Smith makes a "Turbo" lens that is especially designed for this problem. I think they are basically ski goggles, they have some holes drilled at the top of the lens are are backed with foam on the inside. But that doen't really solve your Scott problem now does it? You could try an old suba diver's trick... spit inside of them, and use your finger to smear your saliva around. lol, sounds dirty I know, but it's cheap and might work :cool:
I had some Smith Top Fuel goggles, and they fogged badly. I used some of those Scott anti-fog cloths on the inside of the lens, and that stopped the fogging problem. The only thing I didn't like was that the inside of your lens takes on this greasy/oily film. Doesn't affect vision much, but on the really hot and sweaty days, oily condensation would build up inside the lens.
This past fall I tried a pair of Pro Grip light-sensitive goggles. Temps were in the 50's to 60's, riding in a combination of fast and slow woods. Classic conditions for chronic fogging on the Smith Top Fuel and traditional goggles. The Pro Grip rep claimed zero fogging, and you know what.... he was right! I have used these on 4, 3-4 hour trail rides, and they never fogged once. Temps ranged from the low 40s through the mid-60's. We'll have to see how they do in the summer next season.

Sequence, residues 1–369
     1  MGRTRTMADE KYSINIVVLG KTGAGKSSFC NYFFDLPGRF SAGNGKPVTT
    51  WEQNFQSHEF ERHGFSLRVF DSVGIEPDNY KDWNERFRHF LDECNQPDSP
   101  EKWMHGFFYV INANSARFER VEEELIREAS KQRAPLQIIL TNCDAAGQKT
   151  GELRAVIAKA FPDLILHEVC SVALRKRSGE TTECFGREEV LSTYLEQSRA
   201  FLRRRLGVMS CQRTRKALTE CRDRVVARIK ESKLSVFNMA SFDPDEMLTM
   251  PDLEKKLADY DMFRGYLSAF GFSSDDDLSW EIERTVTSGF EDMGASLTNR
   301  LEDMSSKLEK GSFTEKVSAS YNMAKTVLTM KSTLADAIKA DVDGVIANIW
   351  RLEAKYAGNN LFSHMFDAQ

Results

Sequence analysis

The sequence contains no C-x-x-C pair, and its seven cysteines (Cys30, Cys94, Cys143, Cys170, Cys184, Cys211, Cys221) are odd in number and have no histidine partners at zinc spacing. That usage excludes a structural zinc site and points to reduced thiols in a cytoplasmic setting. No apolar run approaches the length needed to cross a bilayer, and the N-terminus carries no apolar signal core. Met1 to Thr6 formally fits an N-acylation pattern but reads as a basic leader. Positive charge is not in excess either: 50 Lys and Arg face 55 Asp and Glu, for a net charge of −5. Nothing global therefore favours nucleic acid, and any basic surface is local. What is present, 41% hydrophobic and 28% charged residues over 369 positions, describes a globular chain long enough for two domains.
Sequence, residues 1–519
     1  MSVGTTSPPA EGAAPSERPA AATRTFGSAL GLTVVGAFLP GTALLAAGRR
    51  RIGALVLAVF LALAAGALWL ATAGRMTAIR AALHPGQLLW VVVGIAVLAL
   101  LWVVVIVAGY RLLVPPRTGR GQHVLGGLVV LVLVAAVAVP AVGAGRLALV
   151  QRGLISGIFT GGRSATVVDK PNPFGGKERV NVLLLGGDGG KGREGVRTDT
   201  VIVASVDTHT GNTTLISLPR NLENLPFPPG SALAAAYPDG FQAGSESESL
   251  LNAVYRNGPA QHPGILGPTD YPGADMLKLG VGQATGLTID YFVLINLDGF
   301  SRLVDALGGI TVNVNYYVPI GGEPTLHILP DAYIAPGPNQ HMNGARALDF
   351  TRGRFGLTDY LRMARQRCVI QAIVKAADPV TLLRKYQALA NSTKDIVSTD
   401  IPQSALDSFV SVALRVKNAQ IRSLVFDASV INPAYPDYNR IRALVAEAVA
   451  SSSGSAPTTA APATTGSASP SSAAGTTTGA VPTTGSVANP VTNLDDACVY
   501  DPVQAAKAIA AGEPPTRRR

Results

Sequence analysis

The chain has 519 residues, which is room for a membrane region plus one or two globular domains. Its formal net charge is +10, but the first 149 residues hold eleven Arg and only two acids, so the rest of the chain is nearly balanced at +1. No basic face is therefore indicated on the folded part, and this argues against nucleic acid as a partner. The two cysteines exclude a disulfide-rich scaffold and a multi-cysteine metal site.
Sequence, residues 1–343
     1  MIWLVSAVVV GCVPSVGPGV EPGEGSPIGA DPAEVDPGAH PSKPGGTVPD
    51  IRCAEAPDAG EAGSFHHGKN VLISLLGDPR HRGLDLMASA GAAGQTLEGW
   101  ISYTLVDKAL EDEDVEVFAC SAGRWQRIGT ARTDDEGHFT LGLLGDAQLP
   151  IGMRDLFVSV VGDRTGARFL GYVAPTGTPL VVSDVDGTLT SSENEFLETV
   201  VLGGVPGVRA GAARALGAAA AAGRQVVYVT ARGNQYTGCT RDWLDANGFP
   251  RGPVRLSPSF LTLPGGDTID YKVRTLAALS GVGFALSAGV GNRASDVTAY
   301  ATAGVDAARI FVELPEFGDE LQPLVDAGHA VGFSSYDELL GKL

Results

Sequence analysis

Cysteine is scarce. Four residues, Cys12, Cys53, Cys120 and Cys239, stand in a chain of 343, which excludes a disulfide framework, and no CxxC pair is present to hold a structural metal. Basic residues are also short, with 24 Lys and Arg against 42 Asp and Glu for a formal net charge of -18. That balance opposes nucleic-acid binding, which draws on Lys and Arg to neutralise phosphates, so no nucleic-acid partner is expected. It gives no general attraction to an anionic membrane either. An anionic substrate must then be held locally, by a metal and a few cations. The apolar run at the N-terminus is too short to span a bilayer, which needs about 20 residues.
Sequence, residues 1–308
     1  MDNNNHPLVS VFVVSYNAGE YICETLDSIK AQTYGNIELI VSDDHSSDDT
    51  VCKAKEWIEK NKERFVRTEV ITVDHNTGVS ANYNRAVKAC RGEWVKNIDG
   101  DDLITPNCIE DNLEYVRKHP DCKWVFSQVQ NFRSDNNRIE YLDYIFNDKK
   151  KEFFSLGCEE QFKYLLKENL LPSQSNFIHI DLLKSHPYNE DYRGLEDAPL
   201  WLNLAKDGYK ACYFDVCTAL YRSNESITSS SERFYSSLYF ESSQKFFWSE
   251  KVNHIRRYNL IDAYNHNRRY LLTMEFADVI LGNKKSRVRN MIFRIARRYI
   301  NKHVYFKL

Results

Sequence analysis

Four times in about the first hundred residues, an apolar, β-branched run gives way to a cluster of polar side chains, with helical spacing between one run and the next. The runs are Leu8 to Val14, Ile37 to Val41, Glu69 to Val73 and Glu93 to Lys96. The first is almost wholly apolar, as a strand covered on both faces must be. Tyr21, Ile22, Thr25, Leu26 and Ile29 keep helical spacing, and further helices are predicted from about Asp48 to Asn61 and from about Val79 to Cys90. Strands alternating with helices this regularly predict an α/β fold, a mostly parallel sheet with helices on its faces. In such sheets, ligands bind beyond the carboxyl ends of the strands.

I also tried a pair of Scott Voltage Pro goggles for a day, and they were fog-free as well (same conditions).
I would invest in a good pair of anti-fog goggles, and skip the anti-fog cloth. If you can't see while riding, it really sucks, and taking your goggle off to see is a really bad idea. I know a guy that tore a cornea doing it.
I used to wear my glasses as well and the Smith Turbo goggles with the fan were the only thing that worked for me. That combined with the Fog Clothe. I have contacts now but still use the Fog clothes. These things are great and pretty cheap.
Ive used the scott no-fog wipe. It works o.k. but it causes the condensation to collect in droplets creating a little distortion, but way better than fogged over lenses!!! Another item that I have found VERY helpful is a "nose guard" that mounts on the bottom of my Oakley's. It also direct more air up through the bottom of the goggles so any fog or moisture is more quickly evaporated. Mine is pretty old, but I think I've seen something like it for scott goggles, maybe smith.
the pro-grips are the way to go for sure.i have raced in everything from 20 degrees to 90 degrees,rain all of it and those things never fog up.i can sit on the line for 5 min in the dead of winter and no prooblems.i highly reccommend them.